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Self-Esteem Is Not Earned or Deserved — It Is Foundational to Your Human Nature and Inherent Dignity

Self-Esteem Is Not Earned or Deserved — It Is Foundational to Your Human Nature and Inherent Dignity
Photo by Pawel Czerwinski

A contrarian approach to an unquestioned capitalistic concept that harms one's self-worth.

A few weeks ago, a colleague of mine posted a story on LinkedIn about a struggle he was having with self-esteem:

My coach told me that self-esteem is earned. I thought to myself, ‘Ouch, that’s a bit harsh!’

In response, I suggested he fire his coach — partially tongue-in-cheek, but something I would have certainly done.

The idea that self-esteem is earned is an inhumane approach to personal development.

I wish I knew where the expression, ‘Self-esteem is earned’ came from, but one of the problems with it is the root definition of the word, to earn.

To earn is related to what you get (usually money) in return for your labour or service. If you can only earn your self-esteem according to others, you will have to continuously compete for self-efficacy and self-worth by being rewarded for your work — you will never inherently possess what a natural aspect of your humanity is.

If you believe you must earn your self-esteem, you reduce yourself to a widget or a commodity within a capitalist framework.

The Important Difference between Esteem and Self-Esteem.

As a noun, ‘esteem’ is defined as having respect and admiration, typically for a person.

You can esteem someone highly or be held in high esteem by others. Etymologically, the root meaning of esteem includes, to estimate or appraise in the sense of worth or reputation.

When we turn the meaning of esteem inwards, we cultivate self-respect and confidence in our worth and abilities.

If you hold the above meaning of self-esteem above to be accurate, then you believe self-esteem is a part of who you are and not a quality or characteristic that someone affords you.

If you don’t feel like you have self-esteem, what can you do?

Self-esteem is a practice of habits, behaviours, and ways of thinking that cultivate self-mastery.

You can improve your self-esteem with self-compassion, self-acceptance, and lovingkindness towards yourself. This starts with accepting and believing that self-esteem is natural and normal. You don't earn it because no one can take it away from you besides yourself. If you think it is earned, you diminish personal responsibility and self-actualization by falsely allowing someone else to control your life.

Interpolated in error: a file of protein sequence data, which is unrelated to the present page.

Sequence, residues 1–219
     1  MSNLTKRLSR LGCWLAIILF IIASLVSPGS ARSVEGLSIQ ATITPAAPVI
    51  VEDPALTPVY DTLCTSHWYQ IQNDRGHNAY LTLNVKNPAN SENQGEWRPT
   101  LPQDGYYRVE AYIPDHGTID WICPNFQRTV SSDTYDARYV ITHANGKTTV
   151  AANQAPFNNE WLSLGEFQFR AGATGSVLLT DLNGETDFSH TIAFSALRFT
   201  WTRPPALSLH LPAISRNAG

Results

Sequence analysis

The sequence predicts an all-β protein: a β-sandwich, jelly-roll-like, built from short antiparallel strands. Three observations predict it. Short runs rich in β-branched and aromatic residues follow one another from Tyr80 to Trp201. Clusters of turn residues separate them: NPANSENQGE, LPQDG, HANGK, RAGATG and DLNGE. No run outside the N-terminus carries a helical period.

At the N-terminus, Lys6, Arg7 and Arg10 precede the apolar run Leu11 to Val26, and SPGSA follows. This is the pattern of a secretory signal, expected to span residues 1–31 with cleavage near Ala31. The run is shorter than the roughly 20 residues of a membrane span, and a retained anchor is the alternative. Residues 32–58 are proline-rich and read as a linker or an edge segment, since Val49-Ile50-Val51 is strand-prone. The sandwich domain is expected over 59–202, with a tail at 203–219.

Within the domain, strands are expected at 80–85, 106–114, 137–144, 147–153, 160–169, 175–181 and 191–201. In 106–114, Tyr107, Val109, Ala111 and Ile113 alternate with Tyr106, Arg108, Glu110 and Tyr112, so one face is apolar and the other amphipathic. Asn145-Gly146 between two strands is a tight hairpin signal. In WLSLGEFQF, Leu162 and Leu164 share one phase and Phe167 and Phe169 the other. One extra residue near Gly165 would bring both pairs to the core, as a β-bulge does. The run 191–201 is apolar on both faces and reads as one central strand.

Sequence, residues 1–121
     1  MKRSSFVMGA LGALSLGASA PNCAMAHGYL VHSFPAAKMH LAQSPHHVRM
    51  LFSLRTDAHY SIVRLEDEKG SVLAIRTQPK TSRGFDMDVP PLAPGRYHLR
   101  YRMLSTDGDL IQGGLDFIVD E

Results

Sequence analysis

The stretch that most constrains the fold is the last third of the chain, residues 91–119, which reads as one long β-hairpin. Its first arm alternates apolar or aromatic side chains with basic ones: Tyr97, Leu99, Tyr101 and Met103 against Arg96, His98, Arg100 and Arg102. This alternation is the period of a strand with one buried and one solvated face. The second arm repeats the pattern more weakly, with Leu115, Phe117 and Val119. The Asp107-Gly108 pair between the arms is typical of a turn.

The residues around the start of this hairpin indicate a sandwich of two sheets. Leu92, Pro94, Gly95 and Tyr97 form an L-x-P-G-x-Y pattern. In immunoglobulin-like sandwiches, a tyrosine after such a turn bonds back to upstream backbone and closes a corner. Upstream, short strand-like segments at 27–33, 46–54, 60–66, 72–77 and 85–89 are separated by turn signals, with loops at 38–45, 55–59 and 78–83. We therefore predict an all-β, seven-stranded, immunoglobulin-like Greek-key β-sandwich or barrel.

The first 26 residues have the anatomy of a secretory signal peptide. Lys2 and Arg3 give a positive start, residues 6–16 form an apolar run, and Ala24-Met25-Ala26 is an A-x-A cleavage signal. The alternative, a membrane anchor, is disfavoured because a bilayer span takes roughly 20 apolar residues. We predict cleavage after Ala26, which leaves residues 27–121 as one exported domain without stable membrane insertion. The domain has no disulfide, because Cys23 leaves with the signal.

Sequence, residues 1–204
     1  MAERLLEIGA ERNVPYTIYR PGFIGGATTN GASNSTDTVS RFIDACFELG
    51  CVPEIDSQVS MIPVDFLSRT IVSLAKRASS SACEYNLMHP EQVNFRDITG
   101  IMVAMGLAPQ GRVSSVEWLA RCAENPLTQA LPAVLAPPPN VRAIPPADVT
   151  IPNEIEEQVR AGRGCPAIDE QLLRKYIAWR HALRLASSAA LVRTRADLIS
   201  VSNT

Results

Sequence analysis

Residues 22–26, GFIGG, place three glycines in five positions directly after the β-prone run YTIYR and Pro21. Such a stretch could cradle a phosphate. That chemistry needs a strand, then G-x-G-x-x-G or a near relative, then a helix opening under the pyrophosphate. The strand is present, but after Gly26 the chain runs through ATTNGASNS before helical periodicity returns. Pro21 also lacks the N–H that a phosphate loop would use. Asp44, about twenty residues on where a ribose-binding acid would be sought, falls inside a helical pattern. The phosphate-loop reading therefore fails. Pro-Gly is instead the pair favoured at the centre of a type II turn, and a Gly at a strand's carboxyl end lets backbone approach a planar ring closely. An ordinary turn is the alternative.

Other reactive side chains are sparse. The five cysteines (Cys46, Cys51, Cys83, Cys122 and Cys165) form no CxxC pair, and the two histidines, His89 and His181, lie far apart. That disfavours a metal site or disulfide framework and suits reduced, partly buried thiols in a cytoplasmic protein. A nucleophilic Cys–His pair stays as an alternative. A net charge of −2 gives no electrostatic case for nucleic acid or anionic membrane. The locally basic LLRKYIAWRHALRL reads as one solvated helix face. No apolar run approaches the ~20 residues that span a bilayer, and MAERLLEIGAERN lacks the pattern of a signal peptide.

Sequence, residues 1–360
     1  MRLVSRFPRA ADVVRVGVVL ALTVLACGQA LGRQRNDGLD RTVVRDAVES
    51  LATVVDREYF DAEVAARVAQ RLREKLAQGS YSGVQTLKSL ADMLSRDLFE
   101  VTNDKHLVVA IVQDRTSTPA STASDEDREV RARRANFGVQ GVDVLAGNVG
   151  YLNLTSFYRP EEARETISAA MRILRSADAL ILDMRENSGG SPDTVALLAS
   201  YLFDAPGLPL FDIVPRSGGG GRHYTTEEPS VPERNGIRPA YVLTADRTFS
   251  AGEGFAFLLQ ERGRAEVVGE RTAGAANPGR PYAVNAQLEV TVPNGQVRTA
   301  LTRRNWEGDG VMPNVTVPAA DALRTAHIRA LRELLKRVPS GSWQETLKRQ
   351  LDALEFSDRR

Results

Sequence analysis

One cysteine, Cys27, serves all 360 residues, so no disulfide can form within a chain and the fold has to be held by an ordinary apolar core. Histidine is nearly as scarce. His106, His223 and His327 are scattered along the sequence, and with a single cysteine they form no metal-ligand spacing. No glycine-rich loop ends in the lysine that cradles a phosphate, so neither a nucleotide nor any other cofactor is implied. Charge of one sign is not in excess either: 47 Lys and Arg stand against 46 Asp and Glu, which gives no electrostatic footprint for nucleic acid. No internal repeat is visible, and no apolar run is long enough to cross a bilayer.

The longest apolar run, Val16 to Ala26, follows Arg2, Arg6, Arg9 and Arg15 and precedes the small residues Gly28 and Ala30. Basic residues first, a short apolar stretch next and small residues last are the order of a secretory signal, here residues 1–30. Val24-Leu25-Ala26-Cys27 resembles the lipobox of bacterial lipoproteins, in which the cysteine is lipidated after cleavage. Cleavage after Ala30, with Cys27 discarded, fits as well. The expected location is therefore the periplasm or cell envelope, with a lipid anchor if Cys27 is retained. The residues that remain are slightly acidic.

No one can tell you what you're worth — you are not a commodity to be bought and sold.

You might believe them, but what they think of you is not an accurate reflection of your inherent self-worth.

Your self-esteem should never be dependent on the opinions or expectations of others. However, if you're not feeling like your best self or questioning your worth, you might seek the support of others. Having someone lift you up by empowering you to see what's unique and special about you, can make all the difference in how you feel about yourself — literally, in your own estimation of yourself.

What you do with that empowerment matters. When you internalize what someone has helped you see that you forgot about yourself, they did not grant you self-respect. What you are feeling instead is the self-awareness of your inherent worth and dignity. This in part is tied to your values and purpose — the ideals and beliefs that give your life meaning.

You cannot give or get self-esteem from someone else.

By definition, self-esteem can only be related to the self, not something or someone external to you.

No one gains self-esteem deservedly in return for their behaviour or achievements. You may believe that you deserve to be esteemed by others for who you are or what you do, but that’s more about the self-importance of your ego than it is about respect for your dignity as a human being. Perhaps this is where the expression comes from, the false belief that you need to be validated by others for your efforts.

You might rightly deserve something — like a reward, income, or recognition — by virtue of what you have done, but it doesn’t mean you will get it.

If you don’t get ‘compensation’ for what you deserve, does that mean you don’t deserve self-esteem? You don’t deserve self-esteem as a form of merit. You have it within you.

Self-esteem is found in your nature — not in the economy.